Whatever it is you expect Zen will provide you, it will fall short, and fulfill completely. If you expect for relaxation, prepare for tension, and in accepting that, reclaim the mind at peace. Expect Zen to provide you with answers, only get more questions. Expect anything, get nothing. Expect nothing, and the world opens before your eyes, even in its great great Void, where there is no Void, only vast potential.Read More
You can walk through the fog, or get drenched by a bucket of water--either way, you end up wet. Why cling to dryness?Read More
“There have been some observations and experiences that I can say are quite possibly are my own, but also not that I'm the only one ever had the experience, or made the same observation. In a universe or multiverses as numerous as the grains of sand in the Ganges, the likelihood really starts to diminish really quickly that I’m the only one with these experiences and observations thereof. There were two that might elicit yawns, perhaps the eye-roll of amazement that someone might even make the observation in the first place, let alone the experience and then the observation of what is quite possibly as mundane as it gets.”Read More
<<Ostensibly Zen, being Mahāyāna, would be up to its collective ears with Bodhisattvas, a downright a glut of Bodhisattvas. There’d be so many that it would be a Great Cosmic, “After you...No, after you...Oh no, no, no, I couldn’t possibly go first, after you.” >>Read More
A monk was wandering down a path and came upon the Master, who was poking at the earth with a stick.
The young monk spoke first. “Master, I don’t know if I should stay at the temple anymore. I just can’t bring myself to believe the rebirth is true.”
The Master continued to poke at the ground.
“If there is no self, what comes back? How could someone come back as a hell-being if there is no hell to be in? How could my mother come back as a worm? I just don’t believe it. I’m sorry.”
The Master poked at the ground some more, then looked up a the monk.
“Young monk, you ask some very interesting questions. Let me ask you one: what have I taught about birth and death?”
“That there is no birth and no death.”
“You are half right. I also teach there is birth and death, and we should spend our time wisely between them. Which is correct? Birth or no-birth?”
The young monk looked on quizzically.
“The Buddha said all beings are no-beings, and that anyone who refers to himself as a Bodhisattva is not a Bodhisattva. But what do we recite every day?”
“Er, the Bodhisattva Vows?”
“Yes. So are we fools and showing our ignorance by vowing to save all sentient beings? And if there are no bings, how may they be numberless?”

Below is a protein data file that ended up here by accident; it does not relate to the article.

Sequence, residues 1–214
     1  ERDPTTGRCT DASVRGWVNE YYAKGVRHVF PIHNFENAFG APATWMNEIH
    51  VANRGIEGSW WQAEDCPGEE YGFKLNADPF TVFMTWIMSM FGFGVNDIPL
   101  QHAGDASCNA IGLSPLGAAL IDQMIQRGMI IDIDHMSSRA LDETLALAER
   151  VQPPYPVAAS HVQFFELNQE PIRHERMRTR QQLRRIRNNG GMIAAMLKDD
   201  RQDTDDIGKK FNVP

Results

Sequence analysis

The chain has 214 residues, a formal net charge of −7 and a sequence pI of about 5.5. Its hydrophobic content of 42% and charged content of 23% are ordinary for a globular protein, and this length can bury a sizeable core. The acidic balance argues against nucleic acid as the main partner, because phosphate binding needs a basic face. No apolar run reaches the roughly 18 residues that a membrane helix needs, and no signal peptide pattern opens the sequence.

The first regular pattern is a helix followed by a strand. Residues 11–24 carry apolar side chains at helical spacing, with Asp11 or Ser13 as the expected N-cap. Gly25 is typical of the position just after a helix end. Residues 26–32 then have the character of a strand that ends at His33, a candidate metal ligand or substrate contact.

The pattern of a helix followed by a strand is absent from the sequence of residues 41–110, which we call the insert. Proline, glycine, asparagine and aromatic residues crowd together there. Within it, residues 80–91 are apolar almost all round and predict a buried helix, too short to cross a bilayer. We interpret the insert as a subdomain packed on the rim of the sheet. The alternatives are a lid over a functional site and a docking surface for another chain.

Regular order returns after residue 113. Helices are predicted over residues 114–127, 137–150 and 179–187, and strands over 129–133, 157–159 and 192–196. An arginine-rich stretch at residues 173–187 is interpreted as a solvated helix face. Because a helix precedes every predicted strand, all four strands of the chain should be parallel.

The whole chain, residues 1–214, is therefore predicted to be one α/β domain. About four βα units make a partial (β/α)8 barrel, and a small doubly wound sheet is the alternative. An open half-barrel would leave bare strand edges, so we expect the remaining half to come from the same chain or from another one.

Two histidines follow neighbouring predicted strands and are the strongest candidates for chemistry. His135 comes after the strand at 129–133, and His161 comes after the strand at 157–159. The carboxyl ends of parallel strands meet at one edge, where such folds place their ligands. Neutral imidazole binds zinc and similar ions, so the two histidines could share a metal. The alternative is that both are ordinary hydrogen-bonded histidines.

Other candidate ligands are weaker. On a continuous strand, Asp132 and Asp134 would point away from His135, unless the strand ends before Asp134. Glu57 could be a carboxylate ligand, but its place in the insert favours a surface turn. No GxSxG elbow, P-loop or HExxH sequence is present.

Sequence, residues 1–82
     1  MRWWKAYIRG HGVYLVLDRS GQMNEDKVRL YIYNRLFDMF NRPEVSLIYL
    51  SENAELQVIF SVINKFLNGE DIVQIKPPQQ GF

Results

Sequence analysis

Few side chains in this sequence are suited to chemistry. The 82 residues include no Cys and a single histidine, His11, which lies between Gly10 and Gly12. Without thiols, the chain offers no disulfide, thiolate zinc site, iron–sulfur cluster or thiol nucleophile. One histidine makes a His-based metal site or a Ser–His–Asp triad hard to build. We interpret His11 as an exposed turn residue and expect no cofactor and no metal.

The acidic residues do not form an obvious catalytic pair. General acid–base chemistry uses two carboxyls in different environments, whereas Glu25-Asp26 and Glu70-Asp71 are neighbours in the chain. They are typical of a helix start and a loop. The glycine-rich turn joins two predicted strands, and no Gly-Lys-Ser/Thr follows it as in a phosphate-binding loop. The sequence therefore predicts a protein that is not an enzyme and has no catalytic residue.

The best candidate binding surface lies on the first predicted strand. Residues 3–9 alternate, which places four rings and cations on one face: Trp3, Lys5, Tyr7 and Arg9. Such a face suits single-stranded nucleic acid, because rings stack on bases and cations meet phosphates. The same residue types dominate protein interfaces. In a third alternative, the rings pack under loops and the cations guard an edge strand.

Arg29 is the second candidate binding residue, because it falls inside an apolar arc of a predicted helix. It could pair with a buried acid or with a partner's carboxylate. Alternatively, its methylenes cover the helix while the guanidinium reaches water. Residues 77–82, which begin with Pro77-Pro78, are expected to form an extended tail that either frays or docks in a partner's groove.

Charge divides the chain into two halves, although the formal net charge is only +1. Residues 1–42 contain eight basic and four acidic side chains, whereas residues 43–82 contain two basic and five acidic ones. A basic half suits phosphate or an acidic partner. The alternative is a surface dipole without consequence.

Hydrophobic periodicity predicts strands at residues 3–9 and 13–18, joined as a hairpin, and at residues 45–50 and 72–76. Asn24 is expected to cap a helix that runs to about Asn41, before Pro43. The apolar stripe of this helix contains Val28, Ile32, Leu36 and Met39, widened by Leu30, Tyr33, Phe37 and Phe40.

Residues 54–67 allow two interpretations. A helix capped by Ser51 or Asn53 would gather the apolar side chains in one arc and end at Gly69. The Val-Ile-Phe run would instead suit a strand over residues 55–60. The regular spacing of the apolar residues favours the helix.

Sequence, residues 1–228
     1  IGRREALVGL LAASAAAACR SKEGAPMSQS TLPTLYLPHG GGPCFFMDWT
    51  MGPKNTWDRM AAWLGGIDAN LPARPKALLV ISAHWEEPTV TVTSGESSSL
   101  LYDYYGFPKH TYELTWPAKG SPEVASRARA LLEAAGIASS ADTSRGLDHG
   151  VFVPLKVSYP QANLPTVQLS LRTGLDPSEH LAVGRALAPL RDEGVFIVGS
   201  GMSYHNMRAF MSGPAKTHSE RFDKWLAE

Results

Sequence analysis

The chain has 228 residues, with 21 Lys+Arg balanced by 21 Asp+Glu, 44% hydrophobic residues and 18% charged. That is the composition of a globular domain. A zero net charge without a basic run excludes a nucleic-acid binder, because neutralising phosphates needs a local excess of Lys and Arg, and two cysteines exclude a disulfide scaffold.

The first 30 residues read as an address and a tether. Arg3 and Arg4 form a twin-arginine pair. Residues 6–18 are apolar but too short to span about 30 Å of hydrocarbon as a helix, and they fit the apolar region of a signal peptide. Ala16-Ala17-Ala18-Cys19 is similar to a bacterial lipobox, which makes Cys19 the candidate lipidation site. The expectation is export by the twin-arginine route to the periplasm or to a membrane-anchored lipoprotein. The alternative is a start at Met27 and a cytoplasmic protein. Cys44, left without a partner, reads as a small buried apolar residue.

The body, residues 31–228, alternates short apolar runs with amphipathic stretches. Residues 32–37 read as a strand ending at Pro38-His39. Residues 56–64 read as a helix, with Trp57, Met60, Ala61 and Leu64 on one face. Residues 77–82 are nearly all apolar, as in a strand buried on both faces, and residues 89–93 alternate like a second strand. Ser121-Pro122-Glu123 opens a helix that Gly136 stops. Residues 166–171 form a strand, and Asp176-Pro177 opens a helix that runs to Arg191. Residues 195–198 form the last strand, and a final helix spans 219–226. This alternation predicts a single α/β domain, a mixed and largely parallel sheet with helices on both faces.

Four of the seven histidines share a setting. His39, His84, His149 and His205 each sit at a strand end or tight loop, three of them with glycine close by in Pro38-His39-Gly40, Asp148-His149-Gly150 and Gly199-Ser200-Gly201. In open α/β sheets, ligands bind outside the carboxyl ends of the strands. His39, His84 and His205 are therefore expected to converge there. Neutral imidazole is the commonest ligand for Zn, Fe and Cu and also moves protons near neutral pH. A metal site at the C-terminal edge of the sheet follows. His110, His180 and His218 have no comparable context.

“I don’t know.”
“But Master, that still doesn’t convince me that rebirth is true!”
The Master regarded the young monk with a raised eyebrow.
“Young monk, do you see this maple leaf?”
“Good. Now do you see this pile next to it?”
“What do you think it is?”
“Well, it looks like it’s bits of leaves that have dried up and crumbled.”
“Were those crumbled things leaves? Are they leaves now?”
“They were, but aren’t anymore.”
“When did the leaves cease to be leaves?”
The young monk thought for a minute, but couldn’t answer.
“Now the crumbled bits of former leaves, do they stay as crumbled leaves forever?”
“No, they become mulch and compost and part of soil, I suppose.”
“Very good young monk. Now, consider this maple tree. Is it alive?”
“Yes, as much as a tree is alive.”
“Does it grow in the air, all branches and no roots? Are the leaves on the tree alive, and when they fall off, are they dead? At what point does the fallen leaf go from alive to dead? What line divides leaf to crumbled leaf to compost to soil to tree root.”
The Master pulled a loose root from the ground.
“Young monk, do you see these tiny hairs on this root? Do you see the bits of dirt hanging from the hairs? Do you suppose that a live leaf turns into a dead leaf, then compost, then soil, and then only ever becomes a tree?”
“I can see where you’re headed, Master, none of this is still convincing me that I will be reborn as a Deva or a Hungry Ghost, or a woman or a worm.”
“Young monk, I have one final thing to say to you.”
The Master stood straight up and leaned close to the young monk, then shouted directly into the monk’s face:
“WHAT MAKES YOU THINK YOU ARE MORE SPECIAL THAN THAT LEAF?”
The young monk walked away hanging his head.
Are you more special than a leaf?
What is rebirth?